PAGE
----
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How to market alcohol where alcohol marketing is banned

An article published on the alcohol industry website Just-Drinks.com provides an interesting insight into how alcohol companies may respond to increased restrictions on alcohol marketing in order to “continue to connect with consumers and achieve brand saliency in these so-called ‘dark’ markets”.

The advice offered in the Just-Drinks article is directed at alcohol companies wishing to promote their products in countries where ‘the lights have been turned off’, that is, where traditional forms of advertising have been banned.

In recognition of the substantial evidence linking alcohol advertising to underage drinking, several countries have restrictions on alcohol marketing in place. France for example, under the rules laid out in its ‘Loi Evin’, bans alcohol sports sponsorship, TV and cinema advertising.

While the author acknowledges alcohol marketing restrictions have been introduced “in response to public health concerns about over-consumption and underage drinking”, the focus of the article is limited to circumventing regulations and no reference is made to the protection of children.

Sponsorship is suggested as a suitable alternative vehicle for promotion, where it is allowed, because “it offers an opportunity for players with deep pockets to sustain awareness and connect meaningfully with fans”. In countries where alcohol sponsorship is not permitted, companies are encouraged to explore the promotion of “logical brand extensions like low/no-alcohol ranges”. It will be interesting to observe the promotional presence of such products during the forthcoming European Football Championships, to be held in France this summer.

Another pearl of wisdom on offer is to pursue “cleverly-negotiated product placement”. Here, references are made to James Bond movies and the US hit series Mad Men as examples of effective brand promotions through product placement.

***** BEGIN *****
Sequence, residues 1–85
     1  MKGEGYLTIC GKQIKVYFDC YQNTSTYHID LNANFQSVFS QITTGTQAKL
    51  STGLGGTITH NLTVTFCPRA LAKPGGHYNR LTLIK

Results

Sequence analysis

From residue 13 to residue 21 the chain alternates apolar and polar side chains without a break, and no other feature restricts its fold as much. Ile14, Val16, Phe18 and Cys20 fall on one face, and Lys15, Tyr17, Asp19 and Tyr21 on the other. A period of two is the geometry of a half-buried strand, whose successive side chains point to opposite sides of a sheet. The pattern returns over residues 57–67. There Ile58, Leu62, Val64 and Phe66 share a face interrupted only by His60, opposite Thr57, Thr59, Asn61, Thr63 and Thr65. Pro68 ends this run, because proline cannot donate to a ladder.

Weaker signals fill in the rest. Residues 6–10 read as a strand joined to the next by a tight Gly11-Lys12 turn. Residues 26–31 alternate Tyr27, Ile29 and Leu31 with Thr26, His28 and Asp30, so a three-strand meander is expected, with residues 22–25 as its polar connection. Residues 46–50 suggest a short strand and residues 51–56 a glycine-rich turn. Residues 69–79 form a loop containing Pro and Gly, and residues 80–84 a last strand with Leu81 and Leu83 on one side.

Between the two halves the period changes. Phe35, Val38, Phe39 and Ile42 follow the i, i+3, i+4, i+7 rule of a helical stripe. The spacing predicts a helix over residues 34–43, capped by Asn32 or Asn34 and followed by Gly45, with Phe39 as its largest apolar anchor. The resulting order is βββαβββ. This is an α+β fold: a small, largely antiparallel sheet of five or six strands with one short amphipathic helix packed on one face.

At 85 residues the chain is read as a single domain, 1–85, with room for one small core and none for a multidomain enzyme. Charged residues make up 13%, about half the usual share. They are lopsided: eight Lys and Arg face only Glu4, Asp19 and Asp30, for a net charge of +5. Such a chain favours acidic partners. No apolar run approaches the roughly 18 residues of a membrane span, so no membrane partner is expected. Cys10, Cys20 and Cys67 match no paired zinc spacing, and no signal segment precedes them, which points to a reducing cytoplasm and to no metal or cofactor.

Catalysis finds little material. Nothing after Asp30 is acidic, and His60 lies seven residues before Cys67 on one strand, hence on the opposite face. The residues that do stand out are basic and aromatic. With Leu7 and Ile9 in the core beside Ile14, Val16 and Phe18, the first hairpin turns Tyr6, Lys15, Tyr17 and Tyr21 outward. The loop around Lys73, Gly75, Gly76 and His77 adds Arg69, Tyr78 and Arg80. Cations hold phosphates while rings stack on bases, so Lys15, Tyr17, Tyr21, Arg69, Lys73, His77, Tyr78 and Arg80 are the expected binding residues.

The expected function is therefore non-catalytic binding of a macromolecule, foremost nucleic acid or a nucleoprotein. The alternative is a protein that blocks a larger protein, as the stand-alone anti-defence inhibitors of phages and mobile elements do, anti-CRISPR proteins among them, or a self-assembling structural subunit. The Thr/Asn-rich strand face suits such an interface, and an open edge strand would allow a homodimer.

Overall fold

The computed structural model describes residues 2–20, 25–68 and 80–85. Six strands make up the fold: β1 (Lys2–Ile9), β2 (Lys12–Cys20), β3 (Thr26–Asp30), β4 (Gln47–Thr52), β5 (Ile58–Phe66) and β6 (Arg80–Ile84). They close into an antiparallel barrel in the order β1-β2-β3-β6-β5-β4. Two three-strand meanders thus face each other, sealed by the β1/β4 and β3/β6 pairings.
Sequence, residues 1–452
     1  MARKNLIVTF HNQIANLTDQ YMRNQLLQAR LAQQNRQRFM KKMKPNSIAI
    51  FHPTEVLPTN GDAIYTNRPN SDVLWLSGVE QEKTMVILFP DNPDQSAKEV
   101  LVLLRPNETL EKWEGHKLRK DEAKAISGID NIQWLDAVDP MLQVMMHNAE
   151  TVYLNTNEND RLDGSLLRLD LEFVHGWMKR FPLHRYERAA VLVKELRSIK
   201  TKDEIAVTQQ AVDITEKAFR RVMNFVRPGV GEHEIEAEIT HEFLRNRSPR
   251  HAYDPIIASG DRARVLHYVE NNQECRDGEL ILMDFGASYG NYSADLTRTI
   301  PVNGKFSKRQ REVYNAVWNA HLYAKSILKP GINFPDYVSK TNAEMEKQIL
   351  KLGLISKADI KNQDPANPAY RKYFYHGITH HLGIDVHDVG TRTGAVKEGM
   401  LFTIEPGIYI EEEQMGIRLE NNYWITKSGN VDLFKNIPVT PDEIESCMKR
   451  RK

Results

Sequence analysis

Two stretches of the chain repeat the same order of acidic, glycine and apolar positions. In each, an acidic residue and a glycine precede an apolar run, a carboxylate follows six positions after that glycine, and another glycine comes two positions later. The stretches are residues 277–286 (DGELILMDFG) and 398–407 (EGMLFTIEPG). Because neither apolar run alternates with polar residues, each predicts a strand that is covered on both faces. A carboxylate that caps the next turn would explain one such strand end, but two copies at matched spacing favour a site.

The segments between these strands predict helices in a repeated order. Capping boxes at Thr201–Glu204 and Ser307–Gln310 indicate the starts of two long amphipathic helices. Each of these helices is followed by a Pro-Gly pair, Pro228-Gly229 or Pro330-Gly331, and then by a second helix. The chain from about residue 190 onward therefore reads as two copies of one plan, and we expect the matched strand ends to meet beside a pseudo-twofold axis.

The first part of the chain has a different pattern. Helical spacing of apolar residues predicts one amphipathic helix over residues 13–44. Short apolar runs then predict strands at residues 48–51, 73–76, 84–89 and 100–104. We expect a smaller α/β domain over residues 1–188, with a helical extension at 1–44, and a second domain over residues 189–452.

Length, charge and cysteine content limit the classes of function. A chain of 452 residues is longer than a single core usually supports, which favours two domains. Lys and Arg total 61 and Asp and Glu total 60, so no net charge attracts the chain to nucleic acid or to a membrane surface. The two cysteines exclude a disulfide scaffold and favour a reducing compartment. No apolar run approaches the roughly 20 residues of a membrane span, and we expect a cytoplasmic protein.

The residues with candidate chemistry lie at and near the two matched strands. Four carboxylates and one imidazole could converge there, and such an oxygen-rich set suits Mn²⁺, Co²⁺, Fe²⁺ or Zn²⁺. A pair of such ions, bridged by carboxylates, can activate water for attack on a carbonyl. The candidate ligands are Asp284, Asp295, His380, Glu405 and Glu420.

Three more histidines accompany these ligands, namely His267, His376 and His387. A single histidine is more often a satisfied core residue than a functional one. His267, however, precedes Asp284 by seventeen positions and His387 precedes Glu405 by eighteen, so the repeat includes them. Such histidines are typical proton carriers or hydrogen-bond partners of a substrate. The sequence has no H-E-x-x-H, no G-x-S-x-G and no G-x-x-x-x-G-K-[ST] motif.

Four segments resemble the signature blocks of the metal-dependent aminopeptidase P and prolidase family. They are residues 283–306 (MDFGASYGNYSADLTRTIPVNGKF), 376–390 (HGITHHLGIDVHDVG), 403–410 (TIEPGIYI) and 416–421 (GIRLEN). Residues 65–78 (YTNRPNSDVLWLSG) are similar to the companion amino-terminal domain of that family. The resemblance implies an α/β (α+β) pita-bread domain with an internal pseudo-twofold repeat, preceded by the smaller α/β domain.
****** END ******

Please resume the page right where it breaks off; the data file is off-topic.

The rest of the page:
While many of these recommendations will stir up memories of tobacco company tactics in the early days of tobacco advertising restrictions, perhaps the most contemporary similarity can be found in the advice to “innovate in packaging… ensure your brand stands out on the back bar or the supermarket shelf”. Tobacco packaging has been labelled the ‘final frontier’ for tobacco marketers operating in ‘dark markets’, an example being pink, shiny cigarette boxes emulating perfume packaging, seemingly targeting young females. Australia has led the world in tackling such promotions through the introduction of plain packaging for tobacco products in 2012, with the UK set to follow suit later this year.

So how can community and public health groups face up to the challenge of Big Alcohol trying to cheat the system?

Common sense would tell us to ask tobacco control colleagues to share their experiences. If the alcohol industry is adopting the tobacco industry playbook, surely we should be exploring tactics used by anti-smoking campaigners.

The World Health Organization has long recognised the subversive activities of the tobacco industry and has established a framework for action on defending the public interest from tobacco tactics. Activities within this framework include monitoring the tobacco industry, informing and involving the public about their activities. Continued monitoring of alcohol industry activities and sharing findings must remain a core duty for public health groups.

Of course, our job is made so much easier when Big Alcohol gives us a sneaky peak at its playbook.

Katherine Brown

Katherine is the Director of the Institute of Alcohol Studies (IAS), based in London, UK.

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